The garden of life never seems to confine itself to the plots philosophers have laid out for its convenience. Maybe a few more tractors would do the trick.
      – Roger Zelazny, Home is the Hangman, 1975

It’s a big world out there, and there are a lot of people doing really interesting thing with R (and other tools too of course). You can get a sense of what the possibilities are by looking online (e.g., awesome-r.com has a list of very neat packages). This chapter briefly discusses a few possibilities, most of which I chose on a whim!

0.1 Animated plots

  • You need ffmpeg installed first (this can be tedious)
  • The animate package does the work in R: an animation is just a sequence of plots that can be written to a variety of different animation formats
  • Example:

0.2 OpenGL and WebGL

The rgl package provides a method for constructing interactive 3D plots, using the OpenGL graphics engine. Conveniently it also allows you make use of the WebGL engine, which means that you can insert your fancy 3D graphics into a web page. On a Mac, you’ll need to make sure you have XQuartz installed and running on your machine. Here’s a simple example, shamelessly lifted straight from the rgl documentation…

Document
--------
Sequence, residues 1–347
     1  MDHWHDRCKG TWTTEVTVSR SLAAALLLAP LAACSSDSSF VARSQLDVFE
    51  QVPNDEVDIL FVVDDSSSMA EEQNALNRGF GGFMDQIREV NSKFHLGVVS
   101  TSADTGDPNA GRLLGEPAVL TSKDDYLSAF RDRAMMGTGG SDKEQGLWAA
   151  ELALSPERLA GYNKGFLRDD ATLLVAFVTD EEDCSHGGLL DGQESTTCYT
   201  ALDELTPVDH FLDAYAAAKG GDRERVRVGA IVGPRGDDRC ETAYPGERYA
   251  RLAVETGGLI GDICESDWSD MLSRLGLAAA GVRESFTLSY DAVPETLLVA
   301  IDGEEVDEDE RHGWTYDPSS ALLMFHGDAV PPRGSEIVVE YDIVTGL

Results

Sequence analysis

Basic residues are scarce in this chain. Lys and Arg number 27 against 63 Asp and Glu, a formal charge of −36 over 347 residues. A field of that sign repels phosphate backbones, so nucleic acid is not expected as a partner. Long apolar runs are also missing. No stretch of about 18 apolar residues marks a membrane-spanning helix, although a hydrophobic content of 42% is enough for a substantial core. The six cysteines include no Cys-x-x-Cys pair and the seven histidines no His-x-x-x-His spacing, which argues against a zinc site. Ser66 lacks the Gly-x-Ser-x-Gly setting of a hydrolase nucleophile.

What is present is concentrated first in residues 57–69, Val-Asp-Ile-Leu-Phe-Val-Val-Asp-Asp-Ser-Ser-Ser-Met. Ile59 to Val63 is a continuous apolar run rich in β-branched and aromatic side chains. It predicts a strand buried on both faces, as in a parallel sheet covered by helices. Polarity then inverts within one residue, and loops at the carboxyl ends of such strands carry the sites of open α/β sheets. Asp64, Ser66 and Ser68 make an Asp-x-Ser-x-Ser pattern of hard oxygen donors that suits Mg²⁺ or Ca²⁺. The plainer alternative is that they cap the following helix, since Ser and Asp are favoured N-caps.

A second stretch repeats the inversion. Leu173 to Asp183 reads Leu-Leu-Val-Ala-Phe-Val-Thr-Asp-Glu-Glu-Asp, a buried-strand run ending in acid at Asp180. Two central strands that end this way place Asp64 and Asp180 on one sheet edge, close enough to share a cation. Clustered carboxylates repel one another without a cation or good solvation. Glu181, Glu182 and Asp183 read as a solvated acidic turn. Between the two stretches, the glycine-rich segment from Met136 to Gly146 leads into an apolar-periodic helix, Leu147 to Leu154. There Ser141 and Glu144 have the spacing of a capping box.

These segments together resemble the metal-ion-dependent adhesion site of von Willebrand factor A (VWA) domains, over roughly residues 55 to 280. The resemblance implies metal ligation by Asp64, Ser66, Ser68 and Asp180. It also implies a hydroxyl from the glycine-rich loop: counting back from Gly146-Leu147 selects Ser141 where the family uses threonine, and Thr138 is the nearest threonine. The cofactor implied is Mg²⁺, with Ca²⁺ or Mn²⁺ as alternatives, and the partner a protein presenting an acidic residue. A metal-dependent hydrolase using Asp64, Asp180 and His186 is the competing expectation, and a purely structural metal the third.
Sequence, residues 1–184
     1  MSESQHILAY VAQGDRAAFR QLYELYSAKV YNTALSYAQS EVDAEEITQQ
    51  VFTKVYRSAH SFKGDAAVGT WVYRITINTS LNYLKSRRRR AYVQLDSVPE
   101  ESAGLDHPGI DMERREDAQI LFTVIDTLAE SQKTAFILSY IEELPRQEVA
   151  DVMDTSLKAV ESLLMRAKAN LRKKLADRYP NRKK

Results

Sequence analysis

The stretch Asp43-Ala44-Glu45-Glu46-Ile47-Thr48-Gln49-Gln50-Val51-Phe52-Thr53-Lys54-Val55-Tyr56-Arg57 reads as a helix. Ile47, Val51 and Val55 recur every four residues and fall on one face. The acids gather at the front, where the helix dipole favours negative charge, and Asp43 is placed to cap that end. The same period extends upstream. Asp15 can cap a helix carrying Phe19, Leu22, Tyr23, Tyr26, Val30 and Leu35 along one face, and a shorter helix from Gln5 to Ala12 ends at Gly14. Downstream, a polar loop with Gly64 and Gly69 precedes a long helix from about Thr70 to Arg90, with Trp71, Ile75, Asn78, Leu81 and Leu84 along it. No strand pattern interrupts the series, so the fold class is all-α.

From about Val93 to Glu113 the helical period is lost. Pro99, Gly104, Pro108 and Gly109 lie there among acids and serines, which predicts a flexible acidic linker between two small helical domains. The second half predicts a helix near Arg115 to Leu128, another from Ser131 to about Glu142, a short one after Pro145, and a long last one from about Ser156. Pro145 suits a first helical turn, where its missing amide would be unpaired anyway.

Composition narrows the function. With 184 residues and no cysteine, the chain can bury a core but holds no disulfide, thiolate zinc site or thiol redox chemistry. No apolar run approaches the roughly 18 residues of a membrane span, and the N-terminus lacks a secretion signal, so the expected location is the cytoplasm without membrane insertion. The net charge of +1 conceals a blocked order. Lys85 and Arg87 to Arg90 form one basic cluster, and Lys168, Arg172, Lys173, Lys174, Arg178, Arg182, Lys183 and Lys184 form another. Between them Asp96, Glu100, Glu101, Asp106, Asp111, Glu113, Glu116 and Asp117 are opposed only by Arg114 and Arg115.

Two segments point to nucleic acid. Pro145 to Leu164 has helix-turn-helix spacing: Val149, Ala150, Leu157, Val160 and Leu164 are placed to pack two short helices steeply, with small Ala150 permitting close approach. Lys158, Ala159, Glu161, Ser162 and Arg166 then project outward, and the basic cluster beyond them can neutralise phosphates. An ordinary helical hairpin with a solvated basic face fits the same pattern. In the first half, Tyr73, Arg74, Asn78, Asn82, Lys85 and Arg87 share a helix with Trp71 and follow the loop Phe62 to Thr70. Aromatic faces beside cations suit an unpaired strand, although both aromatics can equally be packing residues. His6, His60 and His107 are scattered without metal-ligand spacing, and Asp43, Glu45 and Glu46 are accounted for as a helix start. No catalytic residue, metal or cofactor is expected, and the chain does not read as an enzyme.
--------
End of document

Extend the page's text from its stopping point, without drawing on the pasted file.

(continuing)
library(rgl)
with(iris, plot3d(Sepal.Length, Sepal.Width, Petal.Length, 
                  type="s", col=as.numeric(Species)))
rglwidget(elementId = "plot3drgl")

If you click and drag on the image you can rotate it as much as you like. Better yet, because OpenGL and WebGL are genuine 3D graphics engines, you can manipulate the scene and control things like lighting, material and so on. I confess this isn’t an area I know at all well, but I suspect it would be handy for some research projects.

Another example, slightly adapted from the package documentation:

data(volcano, envir = parent.frame()) # load the volcano data set

zval <- 5 * volcano        # increase the height
xval <- 15 * (1:nrow(zval))   # spacing (S to N)
yval <- 15 * (1:ncol(zval))   # spacing (E to W)

zlim <- range(yval)
zlen <- zlim[2] - zlim[1] + 1
colorlut <- terrain.colors(zlen)   # height color lookup table
col <- colorlut[ zval - zlim[1] + 1 ] # assign colors to heights for each point

# create a new rgl device, but don't display it
open3d(useNULL = TRUE)
## null 
##    4
# draw the surface
surface3d(
  x = xval,
  y = yval,
  z = zval,
  color = col,
  ambient = "grey10",
  shininess = 75,
  back = "lines"
)

# write scene to widget
s <- scene3d()
rglwidget(s)

0.3 Running R in the cloud

  • Service like Google cloud platform allow you to spin up vitual machines that you can access over the web, and they can run things like RStudio server.
  • You can use the googleComputeEngineR package to set something like that up
  • Example: